> your music is particularly unusual, perhaps an equally unusual engraving
> is most apropos.  And hopefully LilyPond is and will continue to be
> malleable enough to accommodate the whims of the unusual.

I agree with you, "Elements of Style", "Gould", "The Oxford English
Dictionary" are all necessary to *define* *standards* to make it easy
for us to understand each other :-)
>
> But for matters of the not-so-unusual, have no disillusion your
> engraving (or writing) will be readily clear if you choose to stray too
> far from the path.
>
?????

But standards are of no use if applying them results in output that is
not "fit for purpose" as English law puts it ... :-)

Cheers,
Wol


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Re: <<aes,2. \\ {s4 ees2} \\ {s2 bes4}>>

Kieren MacMillan
Hey all,

>> The two options are not mutually exclusive--they are one and the same.
> They may not be mutually exclusive for you.

I think we must remember that different scores serve different purposes.

Daily I am frustrated with the poorly-engraved scores I am forced to use as a musical theatre director. “Why”, I ask, “does this piano-conductor score of <Show X> not look like Boosey & Hawkes full score of ‘West Side Story’ or the published ‘Sweeney’ piano-vocal score?!?!” And then I remind myself that <Show X> P/C score was almost certainly cranked out under extreme pressure right up until the opening night of the premiere performance (and maybe even during the run!), whereas B&H’s “West Side” orchestral score was commissioned after the fact as a published [essentially 'critical'] edition. Those are two very different purposes — and hence very different engravings.

Does “readable” mean “sight-readable”, or rather “can be parsed sufficiently well under calm study and practice conditions”? Does the same score need to be used for both study/practice and performance? If so, which of those two [possibly quite different] arenas take precedence?

K.
________________________________

Kieren MacMillan, composer
‣ website: www.kierenmacmillan.info
‣ email: [hidden email]


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Re: <<aes,2. \\ {s4 ees2} \\ {s2 bes4}>>

Aaron Hill
In reply to this post by Wols Lists
On 2019-01-05 11:30 am, Wols Lists wrote:

> On 05/01/19 17:34, Aaron Hill wrote:
>> But for matters of the not-so-unusual, have no disillusion your
>> engraving (or writing) will be readily clear if you choose to stray
>> too
>> far from the path.
>>
> ?????
>
> But standards are of no use if applying them results in output that is
> not "fit for purpose" as English law puts it ... :-)

One could say it is misapplying the standards if it results in poor
output.  But also keep in mind, styles and conventions are primarily
about consistency, not correctness.  That is to say your content must be
correct in and of itself before you apply any guidelines of style.  
Following or not following style is not inherently correct nor
incorrect.

Consider the silly example: you have notated an A flat with a whole note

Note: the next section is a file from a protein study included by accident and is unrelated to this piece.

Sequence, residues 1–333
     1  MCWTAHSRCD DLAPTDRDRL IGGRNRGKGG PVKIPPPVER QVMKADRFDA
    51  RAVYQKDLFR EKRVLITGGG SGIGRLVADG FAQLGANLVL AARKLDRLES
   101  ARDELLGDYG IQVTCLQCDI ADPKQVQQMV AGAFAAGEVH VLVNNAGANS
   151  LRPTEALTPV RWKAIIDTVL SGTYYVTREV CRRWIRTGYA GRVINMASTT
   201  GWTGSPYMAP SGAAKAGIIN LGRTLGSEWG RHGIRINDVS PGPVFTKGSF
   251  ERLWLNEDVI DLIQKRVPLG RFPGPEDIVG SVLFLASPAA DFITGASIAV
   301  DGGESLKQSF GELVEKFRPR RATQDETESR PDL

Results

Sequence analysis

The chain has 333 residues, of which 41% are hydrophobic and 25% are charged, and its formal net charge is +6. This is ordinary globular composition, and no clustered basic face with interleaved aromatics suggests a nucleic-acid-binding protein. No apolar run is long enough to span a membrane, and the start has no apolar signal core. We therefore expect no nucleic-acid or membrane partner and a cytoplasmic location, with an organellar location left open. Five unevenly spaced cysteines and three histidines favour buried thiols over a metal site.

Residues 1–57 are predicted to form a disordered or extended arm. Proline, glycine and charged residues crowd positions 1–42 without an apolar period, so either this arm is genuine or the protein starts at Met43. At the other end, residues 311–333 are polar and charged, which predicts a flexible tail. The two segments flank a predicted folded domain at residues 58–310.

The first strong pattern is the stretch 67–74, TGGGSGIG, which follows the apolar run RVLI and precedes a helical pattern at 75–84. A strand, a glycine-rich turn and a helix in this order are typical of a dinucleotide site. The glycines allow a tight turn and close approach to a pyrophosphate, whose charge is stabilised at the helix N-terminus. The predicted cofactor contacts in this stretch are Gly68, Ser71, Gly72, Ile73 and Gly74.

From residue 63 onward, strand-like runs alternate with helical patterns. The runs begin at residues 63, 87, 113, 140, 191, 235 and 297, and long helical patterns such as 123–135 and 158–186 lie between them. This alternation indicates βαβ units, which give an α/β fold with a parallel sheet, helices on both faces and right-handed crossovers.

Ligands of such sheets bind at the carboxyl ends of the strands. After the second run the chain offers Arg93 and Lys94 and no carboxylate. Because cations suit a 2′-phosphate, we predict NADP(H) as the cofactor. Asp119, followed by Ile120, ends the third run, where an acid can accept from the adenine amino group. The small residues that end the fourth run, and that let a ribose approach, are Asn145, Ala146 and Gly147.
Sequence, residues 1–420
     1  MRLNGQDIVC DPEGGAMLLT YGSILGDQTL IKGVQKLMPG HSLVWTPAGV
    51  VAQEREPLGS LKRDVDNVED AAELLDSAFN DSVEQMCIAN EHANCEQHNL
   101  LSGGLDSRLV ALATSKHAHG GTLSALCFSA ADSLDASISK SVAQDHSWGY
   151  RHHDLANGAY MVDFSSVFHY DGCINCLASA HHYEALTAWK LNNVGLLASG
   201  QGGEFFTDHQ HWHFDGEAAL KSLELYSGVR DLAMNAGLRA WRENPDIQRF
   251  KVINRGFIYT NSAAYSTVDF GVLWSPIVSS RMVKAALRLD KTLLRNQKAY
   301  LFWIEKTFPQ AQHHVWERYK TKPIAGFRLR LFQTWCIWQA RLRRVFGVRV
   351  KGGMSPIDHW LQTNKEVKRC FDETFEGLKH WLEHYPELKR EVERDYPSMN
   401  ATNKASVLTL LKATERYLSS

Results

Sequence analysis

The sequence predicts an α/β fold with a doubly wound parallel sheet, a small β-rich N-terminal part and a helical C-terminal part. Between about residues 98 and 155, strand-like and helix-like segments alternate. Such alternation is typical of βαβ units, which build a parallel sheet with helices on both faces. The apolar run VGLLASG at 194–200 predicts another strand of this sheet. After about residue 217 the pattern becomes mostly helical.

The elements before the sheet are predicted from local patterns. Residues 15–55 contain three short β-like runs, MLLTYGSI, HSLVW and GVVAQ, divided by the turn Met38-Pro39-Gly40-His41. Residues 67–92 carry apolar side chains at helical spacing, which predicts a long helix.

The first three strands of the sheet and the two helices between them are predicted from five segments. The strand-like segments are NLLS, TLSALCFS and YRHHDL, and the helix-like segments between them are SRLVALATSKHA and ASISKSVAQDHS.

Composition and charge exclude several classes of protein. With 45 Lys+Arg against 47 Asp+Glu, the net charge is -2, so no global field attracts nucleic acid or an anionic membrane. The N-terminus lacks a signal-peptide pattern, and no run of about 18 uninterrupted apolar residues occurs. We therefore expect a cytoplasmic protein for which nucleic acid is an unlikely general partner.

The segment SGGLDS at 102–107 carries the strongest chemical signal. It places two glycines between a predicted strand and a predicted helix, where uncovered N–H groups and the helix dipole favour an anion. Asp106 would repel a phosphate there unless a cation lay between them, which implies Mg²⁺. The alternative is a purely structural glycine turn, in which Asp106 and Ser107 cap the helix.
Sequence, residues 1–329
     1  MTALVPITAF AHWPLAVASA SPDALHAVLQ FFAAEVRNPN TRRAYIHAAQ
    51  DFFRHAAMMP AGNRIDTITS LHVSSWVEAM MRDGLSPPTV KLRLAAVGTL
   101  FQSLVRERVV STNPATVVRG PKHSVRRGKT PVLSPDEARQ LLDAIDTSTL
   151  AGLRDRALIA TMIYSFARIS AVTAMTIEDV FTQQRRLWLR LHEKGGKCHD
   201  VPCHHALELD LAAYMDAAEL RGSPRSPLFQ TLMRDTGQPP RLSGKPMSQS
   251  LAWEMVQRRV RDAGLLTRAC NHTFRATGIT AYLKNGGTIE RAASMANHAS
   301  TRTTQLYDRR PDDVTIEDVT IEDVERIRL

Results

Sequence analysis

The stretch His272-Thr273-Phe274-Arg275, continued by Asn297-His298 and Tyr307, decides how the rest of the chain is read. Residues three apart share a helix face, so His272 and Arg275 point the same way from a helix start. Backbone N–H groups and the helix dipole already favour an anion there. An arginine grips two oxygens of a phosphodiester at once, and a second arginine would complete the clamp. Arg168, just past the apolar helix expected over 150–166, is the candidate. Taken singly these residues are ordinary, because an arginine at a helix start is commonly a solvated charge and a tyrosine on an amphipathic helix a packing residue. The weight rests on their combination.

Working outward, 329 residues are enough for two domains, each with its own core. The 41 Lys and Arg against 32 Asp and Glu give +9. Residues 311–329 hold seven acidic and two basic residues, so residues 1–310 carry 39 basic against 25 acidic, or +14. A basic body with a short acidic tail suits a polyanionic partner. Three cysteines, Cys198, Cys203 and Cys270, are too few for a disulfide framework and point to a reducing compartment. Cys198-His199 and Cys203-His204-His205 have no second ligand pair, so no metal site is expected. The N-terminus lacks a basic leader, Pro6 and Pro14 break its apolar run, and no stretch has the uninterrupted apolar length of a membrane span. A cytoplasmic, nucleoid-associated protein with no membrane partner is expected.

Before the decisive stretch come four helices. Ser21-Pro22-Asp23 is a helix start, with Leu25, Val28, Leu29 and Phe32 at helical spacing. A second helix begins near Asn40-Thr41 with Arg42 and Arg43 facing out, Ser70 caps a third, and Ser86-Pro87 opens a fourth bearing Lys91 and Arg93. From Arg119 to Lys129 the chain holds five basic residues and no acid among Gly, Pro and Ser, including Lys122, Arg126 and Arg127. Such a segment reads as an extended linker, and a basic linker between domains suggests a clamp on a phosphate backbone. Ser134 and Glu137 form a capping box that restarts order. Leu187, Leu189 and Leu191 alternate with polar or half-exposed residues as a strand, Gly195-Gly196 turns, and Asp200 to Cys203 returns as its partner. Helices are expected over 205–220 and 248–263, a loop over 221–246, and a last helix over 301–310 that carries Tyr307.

when you intend the player to play a D natural for only a brief moment,
but you are concerned about how much space to place on either side of
the whole note.  This absurd situation is well beyond the scope of style
as the original notation is quite likely objectively wrong.  (I leave
some room for subjectivism here, simply because I'm sure some composer
somewhere either has or will eventually write a piece where notes don't
mean what we typically think they mean and all bets are off.)

Providing we are solid on the intent of the music, then we can look at
improving the overall fitness.  Bringing things close to our collective
notion of standard notation (but no closer than necessary) helps us
ensure consistency.  That is what provides a readily clear
interpretation to your audience.  But ultimately these rules themselves
need to be applied with care and intention, not as a one-size-fits-all
solution.

LilyPond's defaults try to be the one-size-hopefully-fits-most solution,
and it sounds like many of them are born from the guidance of folks like
Gould.  But rarely will any rule be universally applicable, so it is
necessary to be able to adjust default behavior in certain cases.  
Otherwise, we are stuck with LilyPond applying standards without any
thought to the situation.  We can try to provide LilyPond with more data
to make a better-informed decision; but it's still going to be a
machine.  It will likely always take a human to make the final choices.

And I guess that is my long-winded conclusion: be the master, not the
machine.  Do not blindly follow rules nor blindly reject them.  Use your
own critical thinking while leveraging the conventional wisdom around
you.  Feel confident in the choices you make, but always be prepared to
reevaluate them as new information becomes available.

P.S.  I would like to add that, as a performer who has great disdain for
annoying page turns, I will join you in the battle for promoting sane
typesetting.  Slightly squished and/or "creative" notation is far better
than wrestling with (and wasting) paper.


-- Aaron Hill